Here’s where it’s at …..
The interest-rate brakes being applied more strongly to slow the economy are now beginning to bite in the housing market. While prices and sales bounced back this year much more strongly than most expected, the unexpectedly stubborn inflation figures and the surprise of further mortgage rate rises when many felt that they had stabilised, have contributed to the fall in prices and number of sales agreed. However, buyer demand remains resilient at 3% above 2019’s more normal market levels, buoyed by a shortage of quality property for sale and ongoing housing needs. First-time buyers, trader-uppers and downsizers with higher deposits and lower mortgage requirements appear to be still keenly searching the market, not wanting to miss out on the right property that is not over-priced and that they can still afford.
The two larger home sectors have been most impacted by lower levels of agreed sales. The numbers of sales agreed in June in the mid-market second-stepper sector and the top-of-the-ladder sector are 14% behind 2019’s level. Some discretionary movers in these sectors who are trading up and are substantially increasing their mortgage are likely reassessing their budgets, waiting to see which direction mortgage rates head in the coming months.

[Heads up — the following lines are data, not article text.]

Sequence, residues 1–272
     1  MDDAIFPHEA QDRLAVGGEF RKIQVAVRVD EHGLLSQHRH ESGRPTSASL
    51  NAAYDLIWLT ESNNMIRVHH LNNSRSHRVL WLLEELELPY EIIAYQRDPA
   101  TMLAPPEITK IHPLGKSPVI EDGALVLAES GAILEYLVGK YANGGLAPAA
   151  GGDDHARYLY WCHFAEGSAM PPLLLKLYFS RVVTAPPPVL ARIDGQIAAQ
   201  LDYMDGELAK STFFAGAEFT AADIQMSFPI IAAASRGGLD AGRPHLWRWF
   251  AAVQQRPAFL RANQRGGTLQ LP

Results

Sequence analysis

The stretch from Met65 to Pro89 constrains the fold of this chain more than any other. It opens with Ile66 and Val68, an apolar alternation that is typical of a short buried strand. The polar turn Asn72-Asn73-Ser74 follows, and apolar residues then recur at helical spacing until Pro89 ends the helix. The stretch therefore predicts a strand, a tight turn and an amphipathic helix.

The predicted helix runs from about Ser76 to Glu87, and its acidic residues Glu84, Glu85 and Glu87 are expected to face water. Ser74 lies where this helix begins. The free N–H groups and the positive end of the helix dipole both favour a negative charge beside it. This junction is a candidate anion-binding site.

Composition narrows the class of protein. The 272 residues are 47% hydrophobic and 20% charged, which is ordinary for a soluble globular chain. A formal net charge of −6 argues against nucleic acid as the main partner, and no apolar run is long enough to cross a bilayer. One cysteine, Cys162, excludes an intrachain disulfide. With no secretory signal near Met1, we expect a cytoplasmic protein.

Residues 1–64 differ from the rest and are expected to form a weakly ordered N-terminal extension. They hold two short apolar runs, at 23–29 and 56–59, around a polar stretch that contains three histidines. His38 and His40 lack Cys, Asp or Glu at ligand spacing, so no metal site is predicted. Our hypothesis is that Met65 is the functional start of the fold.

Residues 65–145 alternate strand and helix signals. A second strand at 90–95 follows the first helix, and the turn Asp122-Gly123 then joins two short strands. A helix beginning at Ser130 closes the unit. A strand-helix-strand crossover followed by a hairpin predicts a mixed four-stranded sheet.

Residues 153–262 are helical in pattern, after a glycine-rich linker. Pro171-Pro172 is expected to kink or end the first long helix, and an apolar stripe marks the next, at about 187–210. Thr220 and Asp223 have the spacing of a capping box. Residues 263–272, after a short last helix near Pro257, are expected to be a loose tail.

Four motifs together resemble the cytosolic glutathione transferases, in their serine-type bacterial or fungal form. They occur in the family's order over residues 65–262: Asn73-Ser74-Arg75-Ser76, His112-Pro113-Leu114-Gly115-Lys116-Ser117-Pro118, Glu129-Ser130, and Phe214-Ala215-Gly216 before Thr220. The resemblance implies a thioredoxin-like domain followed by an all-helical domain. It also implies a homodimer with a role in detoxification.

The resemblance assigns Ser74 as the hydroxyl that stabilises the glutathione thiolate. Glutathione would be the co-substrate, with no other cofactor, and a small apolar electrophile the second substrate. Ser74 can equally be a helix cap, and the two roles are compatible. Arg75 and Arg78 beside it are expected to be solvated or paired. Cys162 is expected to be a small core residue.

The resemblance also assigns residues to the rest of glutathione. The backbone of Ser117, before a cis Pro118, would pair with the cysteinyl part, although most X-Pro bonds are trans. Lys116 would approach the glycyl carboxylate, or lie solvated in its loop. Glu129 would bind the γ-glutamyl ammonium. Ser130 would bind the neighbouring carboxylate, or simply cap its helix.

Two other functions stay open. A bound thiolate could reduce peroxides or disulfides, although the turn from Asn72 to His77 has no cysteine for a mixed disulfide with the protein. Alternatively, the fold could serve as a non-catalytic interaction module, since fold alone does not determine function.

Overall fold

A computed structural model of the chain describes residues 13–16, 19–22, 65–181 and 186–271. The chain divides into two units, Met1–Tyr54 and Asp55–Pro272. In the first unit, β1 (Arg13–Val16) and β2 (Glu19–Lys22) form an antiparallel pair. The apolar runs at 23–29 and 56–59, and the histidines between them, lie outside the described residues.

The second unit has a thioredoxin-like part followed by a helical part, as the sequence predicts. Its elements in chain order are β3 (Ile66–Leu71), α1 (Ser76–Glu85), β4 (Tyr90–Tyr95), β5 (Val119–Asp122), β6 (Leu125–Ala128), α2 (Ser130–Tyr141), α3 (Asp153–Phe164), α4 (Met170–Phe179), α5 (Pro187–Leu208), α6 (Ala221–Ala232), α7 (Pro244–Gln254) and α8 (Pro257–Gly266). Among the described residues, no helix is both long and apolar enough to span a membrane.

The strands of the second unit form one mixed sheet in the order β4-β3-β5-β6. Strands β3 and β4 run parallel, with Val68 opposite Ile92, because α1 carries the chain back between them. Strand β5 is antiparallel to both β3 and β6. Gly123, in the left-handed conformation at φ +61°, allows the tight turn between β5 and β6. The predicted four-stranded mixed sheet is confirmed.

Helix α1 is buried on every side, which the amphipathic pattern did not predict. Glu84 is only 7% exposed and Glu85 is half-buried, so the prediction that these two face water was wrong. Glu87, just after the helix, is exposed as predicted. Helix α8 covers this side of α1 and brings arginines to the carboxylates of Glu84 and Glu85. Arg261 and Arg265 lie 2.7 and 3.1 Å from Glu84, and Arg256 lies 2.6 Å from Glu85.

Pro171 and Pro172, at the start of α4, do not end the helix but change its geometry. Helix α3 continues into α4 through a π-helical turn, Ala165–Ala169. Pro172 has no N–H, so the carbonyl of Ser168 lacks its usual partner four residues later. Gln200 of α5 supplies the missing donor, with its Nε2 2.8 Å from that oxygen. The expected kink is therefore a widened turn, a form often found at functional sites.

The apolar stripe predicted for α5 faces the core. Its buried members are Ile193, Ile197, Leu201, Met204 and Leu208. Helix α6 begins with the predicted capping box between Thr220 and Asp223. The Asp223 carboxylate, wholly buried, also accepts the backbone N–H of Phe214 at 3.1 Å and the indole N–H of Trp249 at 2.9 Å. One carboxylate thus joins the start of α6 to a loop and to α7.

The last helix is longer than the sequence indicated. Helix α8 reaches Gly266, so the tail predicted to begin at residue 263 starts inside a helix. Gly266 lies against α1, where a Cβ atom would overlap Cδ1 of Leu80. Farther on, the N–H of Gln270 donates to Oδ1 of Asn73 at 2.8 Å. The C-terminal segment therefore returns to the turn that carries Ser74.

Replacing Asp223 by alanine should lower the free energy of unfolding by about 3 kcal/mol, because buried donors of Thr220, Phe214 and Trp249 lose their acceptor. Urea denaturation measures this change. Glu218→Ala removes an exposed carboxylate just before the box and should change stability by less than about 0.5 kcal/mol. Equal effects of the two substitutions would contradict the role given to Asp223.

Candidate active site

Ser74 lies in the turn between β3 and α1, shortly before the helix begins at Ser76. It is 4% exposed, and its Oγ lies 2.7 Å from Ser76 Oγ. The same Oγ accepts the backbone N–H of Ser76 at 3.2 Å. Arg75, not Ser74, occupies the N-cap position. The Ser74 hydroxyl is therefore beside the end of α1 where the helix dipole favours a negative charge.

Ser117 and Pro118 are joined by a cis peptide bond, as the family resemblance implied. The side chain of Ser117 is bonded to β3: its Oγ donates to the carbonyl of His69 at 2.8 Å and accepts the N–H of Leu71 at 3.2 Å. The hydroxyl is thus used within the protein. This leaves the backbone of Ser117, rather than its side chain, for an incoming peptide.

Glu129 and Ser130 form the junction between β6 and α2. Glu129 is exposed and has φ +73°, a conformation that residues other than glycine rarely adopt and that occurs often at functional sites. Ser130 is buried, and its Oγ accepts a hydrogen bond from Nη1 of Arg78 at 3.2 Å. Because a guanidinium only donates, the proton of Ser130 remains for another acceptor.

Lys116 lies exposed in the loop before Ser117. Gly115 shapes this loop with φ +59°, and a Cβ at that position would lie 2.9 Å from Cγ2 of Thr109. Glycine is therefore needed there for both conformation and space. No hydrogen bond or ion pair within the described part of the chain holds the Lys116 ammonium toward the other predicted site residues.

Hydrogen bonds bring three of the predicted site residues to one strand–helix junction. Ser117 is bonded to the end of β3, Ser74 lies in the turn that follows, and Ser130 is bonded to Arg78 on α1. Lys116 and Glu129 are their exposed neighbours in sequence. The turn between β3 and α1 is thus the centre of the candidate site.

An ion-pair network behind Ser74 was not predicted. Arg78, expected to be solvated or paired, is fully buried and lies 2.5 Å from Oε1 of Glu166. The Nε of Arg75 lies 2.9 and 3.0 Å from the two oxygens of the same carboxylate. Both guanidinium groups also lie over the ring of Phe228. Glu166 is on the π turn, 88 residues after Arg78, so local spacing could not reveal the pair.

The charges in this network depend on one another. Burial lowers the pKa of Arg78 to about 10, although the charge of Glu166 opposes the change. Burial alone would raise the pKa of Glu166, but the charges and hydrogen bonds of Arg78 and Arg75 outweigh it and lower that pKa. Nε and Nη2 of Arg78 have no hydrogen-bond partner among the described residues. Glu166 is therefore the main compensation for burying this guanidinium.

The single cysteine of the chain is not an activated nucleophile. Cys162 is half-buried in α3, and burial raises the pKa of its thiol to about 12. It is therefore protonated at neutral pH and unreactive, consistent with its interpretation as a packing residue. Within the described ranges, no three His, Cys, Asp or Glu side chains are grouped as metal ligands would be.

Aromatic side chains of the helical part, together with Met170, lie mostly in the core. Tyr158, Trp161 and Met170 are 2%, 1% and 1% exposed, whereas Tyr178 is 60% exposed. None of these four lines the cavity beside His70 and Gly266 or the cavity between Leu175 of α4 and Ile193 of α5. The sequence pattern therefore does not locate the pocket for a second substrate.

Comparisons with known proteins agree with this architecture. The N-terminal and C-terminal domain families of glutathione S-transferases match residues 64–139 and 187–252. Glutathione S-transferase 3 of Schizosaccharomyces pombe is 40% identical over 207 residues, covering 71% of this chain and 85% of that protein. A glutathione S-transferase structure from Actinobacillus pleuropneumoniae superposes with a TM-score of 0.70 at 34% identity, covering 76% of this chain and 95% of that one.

The smaller home, two-bedrooms and fewer market sector has been less impacted, with June’s sales agreed figure 9% below 2019’s level. This typical first-time buyer sector has held up most strongly throughout the first half of the year, highlighting an ongoing determination from many first-time buyers to navigate the unsettled mortgage market and get onto the ladder, particularly with rents at record levels. It is also an indication of some people deciding to retire early and downsize to a smaller property, perhaps to release some equity from their home for lifestyle or early retirement, or to gift a deposit to family first-time buyers.
Despite this easing in sales levels there is no glut of property choice, with the number of available properties for sale 12% lower than at the same time in 2019. Agents report that even with market challenges, homes priced correctly in line with local market conditions are still attracting strong interest from motivated buyers keen to move. However, the dangers of sellers initially over-pricing and harming their prospects of finding a buyer are highlighted by the latest Rightmove research. Properties that need a reduction in asking price are more than 10% less likely to find a buyer than those that were priced right from the start. With the chances of selling already lower due to current market conditions, initial over-pricing reduces those chances markedly further.
Although we’re advising our sellers at Wilsons not to be over ambitious with their aspirations, the prices we’re achieving for well presented property in good locations continue to hold firm – it’s by no means all doom and gloom.